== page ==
Android Kunjappan Version 5.25 Review: Delightful mix of fun and strong emotions!
‘Android Kunjappan Version 5.25’ stars two of the best performers in Malayalam cinema currently – Suraj Venjaramoodu and Soubin Shahir. Along with them is an adorable robot, centered around which is an endearing story that’s filled with genuinely funny and stirring moments. Ratheesh Balakrishnan Poduval has written and directed the film. Let’s get into the details.
Bhaskara Poduval (Suraj) and his son Subran aka Subramanian (Soubin) live in a quaint village side in the North of Kerala. The father is a moody, stubborn person who wants his son by his side all the time. He wants his son to find a job at their own locality so that he can be at home by night. The 34-year-old Subran, though responsible, is fed up of taking care of his father all day and wasting his life in the village. Through his friends, the mechanical engineering graduate lands in a high profile job in a robot manufacturing company in Russia.
Subran, though very affectionate of his father, decides to leave and appoints a home nurse to take good care of him. Bhaskara Poduval finds it tough to adjust and fires all his helps. Subran is worried and that’s when he learns about the concept of having a robot as a home nurse through his colleagues at work. Subran brings home a robot to take care of his father. From here on, it is about how a beautiful bond develops between the old aged man and the robot, which is named by the villagers as Kunjappan, thanks to its resemblance to a dwarf in the locality.
A robot taking care of an adamant old man is a very fascinating idea and Ratheesh, the writer-director, has cashed in on it really well. The screenplay is free flowing till the last half hour when it hits a few rough notes. Being ambitious in professional life is never a bad thing and so is a father’s expectation that his son be by his side. Here, the film thankfully does not really judge the two lead characters and neither does it give a proper closure.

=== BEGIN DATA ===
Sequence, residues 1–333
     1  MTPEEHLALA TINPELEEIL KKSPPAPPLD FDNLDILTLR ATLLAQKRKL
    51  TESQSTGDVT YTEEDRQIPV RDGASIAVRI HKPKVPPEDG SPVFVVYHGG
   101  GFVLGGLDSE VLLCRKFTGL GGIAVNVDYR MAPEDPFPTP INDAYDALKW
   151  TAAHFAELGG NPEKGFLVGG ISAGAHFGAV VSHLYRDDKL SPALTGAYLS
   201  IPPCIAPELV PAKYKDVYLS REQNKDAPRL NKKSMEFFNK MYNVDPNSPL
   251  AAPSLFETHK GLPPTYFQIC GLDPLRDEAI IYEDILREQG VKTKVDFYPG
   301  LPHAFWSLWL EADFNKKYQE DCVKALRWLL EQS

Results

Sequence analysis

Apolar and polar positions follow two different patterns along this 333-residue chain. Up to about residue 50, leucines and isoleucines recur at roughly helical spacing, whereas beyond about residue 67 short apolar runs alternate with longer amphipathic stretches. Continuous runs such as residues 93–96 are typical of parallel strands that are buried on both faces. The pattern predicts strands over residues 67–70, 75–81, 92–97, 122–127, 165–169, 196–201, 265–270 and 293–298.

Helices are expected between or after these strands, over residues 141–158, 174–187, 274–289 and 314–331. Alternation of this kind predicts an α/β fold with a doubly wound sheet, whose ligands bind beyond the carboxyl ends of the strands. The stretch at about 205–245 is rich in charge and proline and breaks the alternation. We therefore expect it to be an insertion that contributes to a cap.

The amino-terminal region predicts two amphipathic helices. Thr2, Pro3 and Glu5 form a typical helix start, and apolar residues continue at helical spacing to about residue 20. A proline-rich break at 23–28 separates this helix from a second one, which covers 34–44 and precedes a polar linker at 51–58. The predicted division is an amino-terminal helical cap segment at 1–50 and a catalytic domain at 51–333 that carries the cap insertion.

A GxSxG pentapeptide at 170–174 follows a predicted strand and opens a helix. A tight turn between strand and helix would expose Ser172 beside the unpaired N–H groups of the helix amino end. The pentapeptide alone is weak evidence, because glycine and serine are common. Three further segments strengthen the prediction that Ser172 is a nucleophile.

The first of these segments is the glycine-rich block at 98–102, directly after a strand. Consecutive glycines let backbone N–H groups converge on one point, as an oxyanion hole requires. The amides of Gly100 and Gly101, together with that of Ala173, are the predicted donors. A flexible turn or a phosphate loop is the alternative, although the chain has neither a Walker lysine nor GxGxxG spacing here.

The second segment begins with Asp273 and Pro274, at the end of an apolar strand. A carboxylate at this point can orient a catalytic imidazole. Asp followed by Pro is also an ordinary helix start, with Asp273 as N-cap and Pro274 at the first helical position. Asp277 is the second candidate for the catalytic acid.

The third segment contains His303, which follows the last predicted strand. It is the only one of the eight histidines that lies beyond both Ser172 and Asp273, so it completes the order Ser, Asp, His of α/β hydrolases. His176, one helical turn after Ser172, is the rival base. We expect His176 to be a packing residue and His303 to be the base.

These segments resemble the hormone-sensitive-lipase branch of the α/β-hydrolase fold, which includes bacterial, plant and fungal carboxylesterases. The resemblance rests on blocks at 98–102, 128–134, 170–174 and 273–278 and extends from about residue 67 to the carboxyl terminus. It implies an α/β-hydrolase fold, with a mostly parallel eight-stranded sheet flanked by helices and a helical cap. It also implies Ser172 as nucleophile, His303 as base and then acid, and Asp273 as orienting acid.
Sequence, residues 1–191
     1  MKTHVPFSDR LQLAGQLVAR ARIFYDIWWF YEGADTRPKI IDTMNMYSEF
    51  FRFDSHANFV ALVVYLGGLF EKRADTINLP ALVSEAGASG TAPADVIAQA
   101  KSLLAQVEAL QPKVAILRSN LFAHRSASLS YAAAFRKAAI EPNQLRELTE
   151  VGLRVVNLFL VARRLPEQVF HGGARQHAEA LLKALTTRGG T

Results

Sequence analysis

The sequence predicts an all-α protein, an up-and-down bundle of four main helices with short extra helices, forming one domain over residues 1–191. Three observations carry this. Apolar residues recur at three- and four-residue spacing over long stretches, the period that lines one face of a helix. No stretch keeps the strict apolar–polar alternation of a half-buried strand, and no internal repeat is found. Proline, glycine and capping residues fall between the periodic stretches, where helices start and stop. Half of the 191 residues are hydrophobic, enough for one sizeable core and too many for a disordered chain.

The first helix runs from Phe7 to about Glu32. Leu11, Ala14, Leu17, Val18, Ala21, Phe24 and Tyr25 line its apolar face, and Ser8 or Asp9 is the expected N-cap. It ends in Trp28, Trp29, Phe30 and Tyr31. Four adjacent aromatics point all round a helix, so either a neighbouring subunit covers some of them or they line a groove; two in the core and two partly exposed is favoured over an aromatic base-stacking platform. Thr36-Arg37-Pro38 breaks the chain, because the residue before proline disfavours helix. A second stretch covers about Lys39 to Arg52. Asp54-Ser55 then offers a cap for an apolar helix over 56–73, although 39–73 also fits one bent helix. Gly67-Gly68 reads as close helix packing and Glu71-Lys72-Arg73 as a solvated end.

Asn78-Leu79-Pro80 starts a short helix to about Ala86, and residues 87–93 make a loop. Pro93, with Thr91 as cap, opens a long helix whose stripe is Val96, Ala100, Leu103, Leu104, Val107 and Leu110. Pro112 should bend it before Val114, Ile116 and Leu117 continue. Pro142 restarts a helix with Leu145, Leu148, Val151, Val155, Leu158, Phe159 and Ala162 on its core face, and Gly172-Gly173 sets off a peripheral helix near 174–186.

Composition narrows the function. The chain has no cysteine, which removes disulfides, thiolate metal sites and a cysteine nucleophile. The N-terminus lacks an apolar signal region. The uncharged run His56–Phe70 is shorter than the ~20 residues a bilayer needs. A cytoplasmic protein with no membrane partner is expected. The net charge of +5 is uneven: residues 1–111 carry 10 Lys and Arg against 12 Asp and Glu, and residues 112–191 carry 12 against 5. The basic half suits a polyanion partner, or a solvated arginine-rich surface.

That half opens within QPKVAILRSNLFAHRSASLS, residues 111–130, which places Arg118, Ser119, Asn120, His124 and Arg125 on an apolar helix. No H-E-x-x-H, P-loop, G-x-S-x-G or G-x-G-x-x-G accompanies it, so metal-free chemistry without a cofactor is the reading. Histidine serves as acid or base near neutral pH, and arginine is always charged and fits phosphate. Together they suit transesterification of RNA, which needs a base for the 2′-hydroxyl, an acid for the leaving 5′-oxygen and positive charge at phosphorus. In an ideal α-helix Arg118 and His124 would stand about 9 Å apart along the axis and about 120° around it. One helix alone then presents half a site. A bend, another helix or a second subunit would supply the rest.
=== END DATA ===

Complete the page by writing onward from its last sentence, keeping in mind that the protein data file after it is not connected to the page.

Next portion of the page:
Human-robot interaction stories have been told umpteen times before in other languages but it’s a first in Malayalam and that itself is this film’s biggest USP. While Shankar’s ‘Enthiran’ minimized it all within around 20 minutes, here, a good amount of time is spent on the robot’s misadventures, how it does all the household chores, taking care of its master when he is ill, thereby forming a bond, and how the naive villagers react to all this. Bulk of the running time is spent on establishing their relationship and those are easily the best moments in the film.
Towards the end, the film loses steam and the ending seemed hurried. There is also a lack of clarity in some important scenes. Another drawback is regarding how the villagers have been represented in the film. Though the humour does work really well, it is quite strange that the makers chose to showcase an entire village in today’s Kerala as scientifically challenged with zero knowledge on robots. But on the plus side, through this approach, they have tried to address issues like discrimination on the basis of religion and caste.
Both the lead characters are well sketched and the actors have also done extremely well to help us connect to them and feel their emotions. The initial half of the film, especially after the arrival of the robot is a fun riot with Suraj Venjaramoodu in top form. There are only a very few scenes where he is actually seen smiling but his antics are rib-tickling. His body language, which includes even the slightest of mannerisms are very convincing and full marks to the actor’s eye for details. It is another stand out performance from him.
Suraj is well complemented by Soubin, who comparatively has a less challenging role. In spite of that, Soubin still manages to make a mark with a very subtle and matured performance. Particularly impressive is a scene where he breaks down in front of his father on the dining table. Several newcomers and lesser known actors are part of the film and most of them make an impression. Another notable performance was from Saiju Kurup who once again nails the fun-guy role. The female lead Kendy Zirdo has the good looks but her performance felt over exaggerated.
Along with the Poduval-Kunjappan bonding, there are also two other tracks – the love story of Subru and his Malayalam-speaking Japanese colleague and the other is a budding online relationship. Bijibal has composed three songs for these tracks and all of them fit perfectly for the situation. Technically, the film is very sound with apt cinematography by Sanu John Varughese and very impressive VFX works.
So the bottom line is that, ‘Android Kunjappan’ is a film that’s not entirely flawless but still is thoroughly entertaining. Families will love it.